The free market side of me says, let her do what she wants. The allergy side of me says this stinks. This drug should be as ubiquitous as antibiotics were 15 years ago (thankfully they are not still like that), so there is profit to be made there if they take the Walmart model to the drug (sell 1,000,000,000 units at a small margin, vs selling 10,000 units at a large margin). Allergies are on the rise and I can honestly see the day when you can't have a baby in a hospital without getting a script for an epi-pen. Allergies are that common. 

 

I hope something is done and they are investigated. They are giving all of pharma a black eye, and they don't need that right now.

 

I am rarely on the side of Big Pharma, and I agree with you completely.

This is life-threatening stuff and should be free or very low cost.  We certainly pay the pharmaceutical companies billions in profit.  This is just wrong on every level. 

 

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This is the heart of the matter.  It's the heart of why ALL heathcare costs are so high.  Because of insurance.  And that's exactly the problem.  The thought process of "the insurance will pay for it" is not just in the drug companies minds...it's in the minds of the consumers too.  Most people with insurance don't think to shop around at different pharmacies because a) the insurance will pay for it and b) the copay is the same, because the insurance pays for the rest.  So for lots of folks, they actually don't have a clue what the price of the med actually is. 

 

I was the same way, until I went through fertility treatments.  I took my huge script list to the CVS I normally went to.  They priced it out at FOUR THOUSAND DOLLARS.  After insurance.  I freaked out, we did NOT have $4k.  The fertility office directed me to a compounding pharmacy in the area that didn't take any insurance.  They could fulfill my list for $400.  BUT, even better, I found a Kroger that matched the compounding pharmacy's prices, AND took insurance.  It ended up costing me only $25.  Now, sure I had insurance.  But that was the first time it occured to me that different pharmacies might actually price drugs different.  For folks who have always had insurance, never needed a drug that insurance doesn't cover....they just don't realize it.  And drug companies no that.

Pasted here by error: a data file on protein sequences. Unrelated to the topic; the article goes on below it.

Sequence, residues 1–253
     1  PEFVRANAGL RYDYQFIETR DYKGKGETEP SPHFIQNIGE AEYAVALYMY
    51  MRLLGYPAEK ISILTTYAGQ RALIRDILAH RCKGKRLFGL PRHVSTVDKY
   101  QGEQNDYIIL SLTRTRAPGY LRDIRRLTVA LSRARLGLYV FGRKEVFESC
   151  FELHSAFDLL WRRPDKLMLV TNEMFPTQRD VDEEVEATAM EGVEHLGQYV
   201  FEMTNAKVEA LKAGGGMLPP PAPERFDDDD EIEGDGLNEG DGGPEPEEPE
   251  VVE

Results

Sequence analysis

I am very much a supporter of the free market.  The problem is that with insurance companies, the prescription drug market isn't really free. 

 

That is appalling greed.  $4000, and someone else can sell it to you for $400 and still make a profit? 

Glad you ended up paying $25.

"Vengeance is mine, sayeth the Lord.  I shall repay."  (Or for the non-Christians, what goes around, comes around). 

 

Edited by TranquilMind
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The problem actually is government. If government didn't make and enforce patent laws then other companies could just step in and start making the drug. I have not seen convincing evidence that all the extra money paid for drugs goes back into research.

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The thing is....that was $4k, AFTER the insurance we had.  That was...essentially...what the copays would be, or whatever they called the uncovered portion.  There are insurance policies that have a lot more coverage for fertility treatments and meds.  And for people with those policies....they wouldn't really have a clue that the meds cost that much.  And not knowing what the actual price of the med is really hinders the free market proces.